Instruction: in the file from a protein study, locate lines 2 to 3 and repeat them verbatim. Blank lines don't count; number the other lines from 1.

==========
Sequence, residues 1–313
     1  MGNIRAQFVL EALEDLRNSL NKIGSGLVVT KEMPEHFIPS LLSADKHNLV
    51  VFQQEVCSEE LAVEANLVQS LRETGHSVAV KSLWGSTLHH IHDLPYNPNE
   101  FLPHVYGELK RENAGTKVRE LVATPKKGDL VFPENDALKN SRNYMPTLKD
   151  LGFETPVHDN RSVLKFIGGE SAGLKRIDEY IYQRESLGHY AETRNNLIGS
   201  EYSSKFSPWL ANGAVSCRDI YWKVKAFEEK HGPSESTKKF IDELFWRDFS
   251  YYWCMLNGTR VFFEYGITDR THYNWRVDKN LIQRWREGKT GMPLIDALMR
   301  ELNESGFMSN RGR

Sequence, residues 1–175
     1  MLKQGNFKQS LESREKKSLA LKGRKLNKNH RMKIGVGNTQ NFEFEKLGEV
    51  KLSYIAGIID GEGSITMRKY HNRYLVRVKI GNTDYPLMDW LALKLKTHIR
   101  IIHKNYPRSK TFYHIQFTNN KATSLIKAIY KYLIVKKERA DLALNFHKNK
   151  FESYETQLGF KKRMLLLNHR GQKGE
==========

     1  MGNIRAQFVL EALEDLRNSL NKIGSGLVVT KEMPEHFIPS LLSADKHNLV
    51  VFQQEVCSEE LAVEANLVQS LRETGHSVAV KSLWGSTLHH IHDLPYNPNE